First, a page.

Our directory is intended as a resource for people with peanut and nut allergies. It contains foods, helpful products, and much more.
- What is a Peanut Allergy
- Foods to Avoid
- The Allergic Reaction
- Recognizing and Treating Anaphylaxis
- Epinephrine Auto-Injectors
- Medical ID Bracelets
- Support Groups
Peanut Free and Nut Free
Other Food Allergies
Universal Allergy Symbols
Although allergies affect many people worldwide, there are currently no universal allergy symbols.
It is estimated that about 25 percent of Americans suffer from some kind of allergy, including environmental and food allergies. Many food manufacturers label common allergens in their products, but most restaurants do not list these on their menus.
European visitors are often surprised to see the United States does not require restaurants to label their menus with allergen warnings. Allergists have often suggested that the U.S. also needs to have a warning symbol for foods and non-foods that contain common allergens.
In the U.K., all foods that contain 5 percent of a particular food must be included in the ingredients listed on the food. There are 12 major allergens, including fish, crustaceans, peanuts, milk, egg, tree nuts, gluten, sesame, soy, sulfites, mustard and celery, which must be listed with other ingredients on the food label regardless of how much is in the food. Although labeling may be helpful to preventing allergic reactions, the problem of cross-contamination can still occur when particles of allergens remain on equipment used for "allergy-free" foods.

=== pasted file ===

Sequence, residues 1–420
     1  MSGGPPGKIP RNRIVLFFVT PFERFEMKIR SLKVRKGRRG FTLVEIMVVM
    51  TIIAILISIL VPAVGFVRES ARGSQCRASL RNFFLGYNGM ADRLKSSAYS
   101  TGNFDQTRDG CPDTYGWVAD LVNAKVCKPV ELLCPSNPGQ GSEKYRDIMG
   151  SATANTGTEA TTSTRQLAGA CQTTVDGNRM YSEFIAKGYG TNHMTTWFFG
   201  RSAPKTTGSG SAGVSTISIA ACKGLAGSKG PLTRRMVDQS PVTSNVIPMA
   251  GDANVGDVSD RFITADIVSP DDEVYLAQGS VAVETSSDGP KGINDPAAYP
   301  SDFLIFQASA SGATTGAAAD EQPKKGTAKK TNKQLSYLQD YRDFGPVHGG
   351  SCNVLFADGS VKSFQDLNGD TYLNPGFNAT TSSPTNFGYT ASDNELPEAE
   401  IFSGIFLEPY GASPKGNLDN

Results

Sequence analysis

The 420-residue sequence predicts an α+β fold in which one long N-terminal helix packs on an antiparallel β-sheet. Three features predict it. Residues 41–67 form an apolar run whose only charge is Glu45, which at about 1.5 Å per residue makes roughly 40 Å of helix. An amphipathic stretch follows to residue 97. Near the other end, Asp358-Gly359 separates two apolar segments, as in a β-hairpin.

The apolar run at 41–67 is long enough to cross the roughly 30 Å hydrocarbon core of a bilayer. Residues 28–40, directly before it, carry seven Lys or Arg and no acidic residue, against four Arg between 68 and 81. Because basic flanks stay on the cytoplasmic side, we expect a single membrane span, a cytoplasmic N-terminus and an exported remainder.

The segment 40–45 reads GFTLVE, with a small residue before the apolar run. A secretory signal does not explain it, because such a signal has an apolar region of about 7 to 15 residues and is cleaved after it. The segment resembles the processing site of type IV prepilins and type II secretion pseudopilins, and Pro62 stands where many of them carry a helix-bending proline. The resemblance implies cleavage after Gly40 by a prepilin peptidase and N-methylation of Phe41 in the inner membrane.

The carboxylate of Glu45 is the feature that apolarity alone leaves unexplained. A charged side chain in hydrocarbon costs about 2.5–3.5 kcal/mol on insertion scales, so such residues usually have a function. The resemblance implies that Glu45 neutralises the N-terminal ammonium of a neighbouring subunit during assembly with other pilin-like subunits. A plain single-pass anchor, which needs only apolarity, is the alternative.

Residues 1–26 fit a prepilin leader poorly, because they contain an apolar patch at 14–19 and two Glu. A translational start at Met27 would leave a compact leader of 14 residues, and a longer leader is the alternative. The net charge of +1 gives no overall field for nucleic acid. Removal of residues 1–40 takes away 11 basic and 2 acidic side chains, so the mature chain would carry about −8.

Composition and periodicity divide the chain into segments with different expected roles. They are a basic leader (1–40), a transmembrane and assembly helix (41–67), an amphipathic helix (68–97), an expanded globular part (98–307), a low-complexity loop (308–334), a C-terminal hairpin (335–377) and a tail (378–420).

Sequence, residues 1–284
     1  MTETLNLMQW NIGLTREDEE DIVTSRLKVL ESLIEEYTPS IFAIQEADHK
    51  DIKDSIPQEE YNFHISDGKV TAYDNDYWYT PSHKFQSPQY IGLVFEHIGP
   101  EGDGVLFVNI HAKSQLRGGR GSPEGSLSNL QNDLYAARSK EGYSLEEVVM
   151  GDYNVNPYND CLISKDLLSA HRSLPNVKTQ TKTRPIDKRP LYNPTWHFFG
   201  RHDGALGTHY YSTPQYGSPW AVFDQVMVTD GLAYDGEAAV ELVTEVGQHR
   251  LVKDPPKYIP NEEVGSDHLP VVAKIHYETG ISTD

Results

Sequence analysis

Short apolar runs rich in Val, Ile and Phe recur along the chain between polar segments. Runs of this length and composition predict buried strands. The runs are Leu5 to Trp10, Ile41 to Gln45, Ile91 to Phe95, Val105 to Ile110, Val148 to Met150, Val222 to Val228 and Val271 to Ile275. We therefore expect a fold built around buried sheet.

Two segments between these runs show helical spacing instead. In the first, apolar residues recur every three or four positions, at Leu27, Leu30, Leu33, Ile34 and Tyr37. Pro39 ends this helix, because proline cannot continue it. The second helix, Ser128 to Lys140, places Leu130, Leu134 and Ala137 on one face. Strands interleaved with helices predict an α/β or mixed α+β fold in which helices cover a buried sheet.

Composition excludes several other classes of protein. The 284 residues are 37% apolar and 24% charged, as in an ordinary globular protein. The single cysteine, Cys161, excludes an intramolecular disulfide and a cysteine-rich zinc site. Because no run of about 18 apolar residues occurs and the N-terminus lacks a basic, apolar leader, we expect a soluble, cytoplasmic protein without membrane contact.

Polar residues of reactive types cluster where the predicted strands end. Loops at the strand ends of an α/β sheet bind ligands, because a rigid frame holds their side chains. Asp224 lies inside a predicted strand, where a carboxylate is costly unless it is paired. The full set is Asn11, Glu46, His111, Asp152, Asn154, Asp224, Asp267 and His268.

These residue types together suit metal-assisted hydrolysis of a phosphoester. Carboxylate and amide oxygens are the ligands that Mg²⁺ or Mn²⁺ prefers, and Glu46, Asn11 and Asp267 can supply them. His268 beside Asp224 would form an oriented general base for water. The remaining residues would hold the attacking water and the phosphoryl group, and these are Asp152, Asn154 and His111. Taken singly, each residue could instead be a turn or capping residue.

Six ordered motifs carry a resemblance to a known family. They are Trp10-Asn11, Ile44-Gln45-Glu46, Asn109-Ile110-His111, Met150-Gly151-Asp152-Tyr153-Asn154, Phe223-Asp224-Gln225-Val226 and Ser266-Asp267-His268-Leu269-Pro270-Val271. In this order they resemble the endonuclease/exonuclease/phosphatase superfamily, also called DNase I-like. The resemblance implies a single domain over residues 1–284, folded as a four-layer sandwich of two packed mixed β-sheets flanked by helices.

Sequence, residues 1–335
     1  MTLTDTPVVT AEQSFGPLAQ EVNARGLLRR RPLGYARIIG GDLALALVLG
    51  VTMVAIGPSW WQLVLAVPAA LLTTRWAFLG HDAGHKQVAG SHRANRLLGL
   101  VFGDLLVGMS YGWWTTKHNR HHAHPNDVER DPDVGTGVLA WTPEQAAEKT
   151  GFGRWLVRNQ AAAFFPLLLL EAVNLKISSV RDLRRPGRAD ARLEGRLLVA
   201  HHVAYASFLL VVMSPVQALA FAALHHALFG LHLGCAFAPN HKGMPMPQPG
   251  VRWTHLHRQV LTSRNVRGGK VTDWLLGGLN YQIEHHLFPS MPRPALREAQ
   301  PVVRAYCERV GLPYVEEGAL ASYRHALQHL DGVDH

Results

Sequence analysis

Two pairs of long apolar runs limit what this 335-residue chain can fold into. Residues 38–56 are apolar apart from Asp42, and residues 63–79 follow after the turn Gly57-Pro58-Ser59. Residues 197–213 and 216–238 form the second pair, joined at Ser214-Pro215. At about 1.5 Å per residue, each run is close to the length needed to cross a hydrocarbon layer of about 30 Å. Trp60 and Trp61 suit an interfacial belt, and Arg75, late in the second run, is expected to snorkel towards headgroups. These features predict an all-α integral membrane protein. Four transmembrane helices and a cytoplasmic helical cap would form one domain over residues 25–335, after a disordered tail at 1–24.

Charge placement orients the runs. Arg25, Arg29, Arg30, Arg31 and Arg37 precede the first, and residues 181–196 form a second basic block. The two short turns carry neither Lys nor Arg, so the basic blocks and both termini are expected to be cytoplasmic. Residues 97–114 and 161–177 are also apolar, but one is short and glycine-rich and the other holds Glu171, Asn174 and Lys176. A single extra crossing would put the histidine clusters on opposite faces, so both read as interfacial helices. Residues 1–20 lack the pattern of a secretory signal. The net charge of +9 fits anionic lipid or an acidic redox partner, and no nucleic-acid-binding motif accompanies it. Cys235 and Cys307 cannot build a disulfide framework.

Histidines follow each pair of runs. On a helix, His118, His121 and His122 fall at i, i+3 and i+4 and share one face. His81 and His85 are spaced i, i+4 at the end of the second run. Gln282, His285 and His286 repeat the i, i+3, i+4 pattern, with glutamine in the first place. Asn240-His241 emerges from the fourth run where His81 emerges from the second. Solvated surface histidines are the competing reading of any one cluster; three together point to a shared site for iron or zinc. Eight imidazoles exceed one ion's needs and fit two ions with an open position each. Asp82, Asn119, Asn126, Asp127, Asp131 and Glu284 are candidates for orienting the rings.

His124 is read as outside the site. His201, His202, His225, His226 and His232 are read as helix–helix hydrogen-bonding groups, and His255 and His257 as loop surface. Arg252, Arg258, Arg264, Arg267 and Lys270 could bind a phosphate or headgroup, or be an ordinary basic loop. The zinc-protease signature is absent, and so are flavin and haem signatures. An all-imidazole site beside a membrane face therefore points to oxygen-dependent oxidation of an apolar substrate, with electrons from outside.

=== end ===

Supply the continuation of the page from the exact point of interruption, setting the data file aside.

Encouraging Allergy Awareness
Several allergy prevention groups have already designed universal allergy symbols that can be used if countries like the U.S. adopt a warning system for people with allergies. There are also allergy alert symbols that can be purchased and sewn onto clothing or book bags. For example, one website sells 3-inch patches with warnings such as "Medical Alert – epinephrine auto-injector inside," or "I Have Asthma – Inhaler Inside."
In the U.S., many fast-food chains and sit-down restaurants have voluntarily labeled their foods with nutritional information. If peanuts or other potentially dangerous allergens are in a menu item, the restaurants state this clearly on their websites or menus. Many establishments have done this to promote sales and to build positive relationships with customers who have food allergies. Until we have universal allergy symbols on all food products in grocery stores, as well as in restaurants, people with food allergies must practice extreme caution before eating foods with unknown ingredients.
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